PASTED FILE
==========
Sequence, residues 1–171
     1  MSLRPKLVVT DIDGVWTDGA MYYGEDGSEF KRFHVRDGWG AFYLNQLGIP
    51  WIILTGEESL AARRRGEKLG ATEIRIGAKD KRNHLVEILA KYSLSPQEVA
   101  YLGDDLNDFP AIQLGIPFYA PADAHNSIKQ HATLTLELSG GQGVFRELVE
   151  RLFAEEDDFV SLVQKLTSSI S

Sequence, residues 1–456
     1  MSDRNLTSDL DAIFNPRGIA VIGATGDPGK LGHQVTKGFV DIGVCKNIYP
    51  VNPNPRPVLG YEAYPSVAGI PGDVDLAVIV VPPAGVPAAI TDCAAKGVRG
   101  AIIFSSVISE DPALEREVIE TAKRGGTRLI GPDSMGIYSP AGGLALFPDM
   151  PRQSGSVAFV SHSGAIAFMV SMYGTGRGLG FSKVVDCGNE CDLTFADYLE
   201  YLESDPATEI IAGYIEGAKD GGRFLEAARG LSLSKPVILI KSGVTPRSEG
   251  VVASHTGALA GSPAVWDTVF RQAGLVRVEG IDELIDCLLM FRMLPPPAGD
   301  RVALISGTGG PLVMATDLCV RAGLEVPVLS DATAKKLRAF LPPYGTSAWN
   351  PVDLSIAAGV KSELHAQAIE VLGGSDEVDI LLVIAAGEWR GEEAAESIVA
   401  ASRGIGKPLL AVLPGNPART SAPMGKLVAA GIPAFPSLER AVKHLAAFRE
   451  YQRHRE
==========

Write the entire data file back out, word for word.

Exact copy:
Sequence, residues 1–171
     1  MSLRPKLVVT DIDGVWTDGA MYYGEDGSEF KRFHVRDGWG AFYLNQLGIP
    51  WIILTGEESL AARRRGEKLG ATEIRIGAKD KRNHLVEILA KYSLSPQEVA
   101  YLGDDLNDFP AIQLGIPFYA PADAHNSIKQ HATLTLELSG GQGVFRELVE
   151  RLFAEEDDFV SLVQKLTSSI S

Sequence, residues 1–456
     1  MSDRNLTSDL DAIFNPRGIA VIGATGDPGK LGHQVTKGFV DIGVCKNIYP
    51  VNPNPRPVLG YEAYPSVAGI PGDVDLAVIV VPPAGVPAAI TDCAAKGVRG
   101  AIIFSSVISE DPALEREVIE TAKRGGTRLI GPDSMGIYSP AGGLALFPDM
   151  PRQSGSVAFV SHSGAIAFMV SMYGTGRGLG FSKVVDCGNE CDLTFADYLE
   201  YLESDPATEI IAGYIEGAKD GGRFLEAARG LSLSKPVILI KSGVTPRSEG
   251  VVASHTGALA GSPAVWDTVF RQAGLVRVEG IDELIDCLLM FRMLPPPAGD
   301  RVALISGTGG PLVMATDLCV RAGLEVPVLS DATAKKLRAF LPPYGTSAWN
   351  PVDLSIAAGV KSELHAQAIE VLGGSDEVDI LLVIAAGEWR GEEAAESIVA
   401  ASRGIGKPLL AVLPGNPART SAPMGKLVAA GIPAFPSLER AVKHLAAFRE
   451  YQRHRE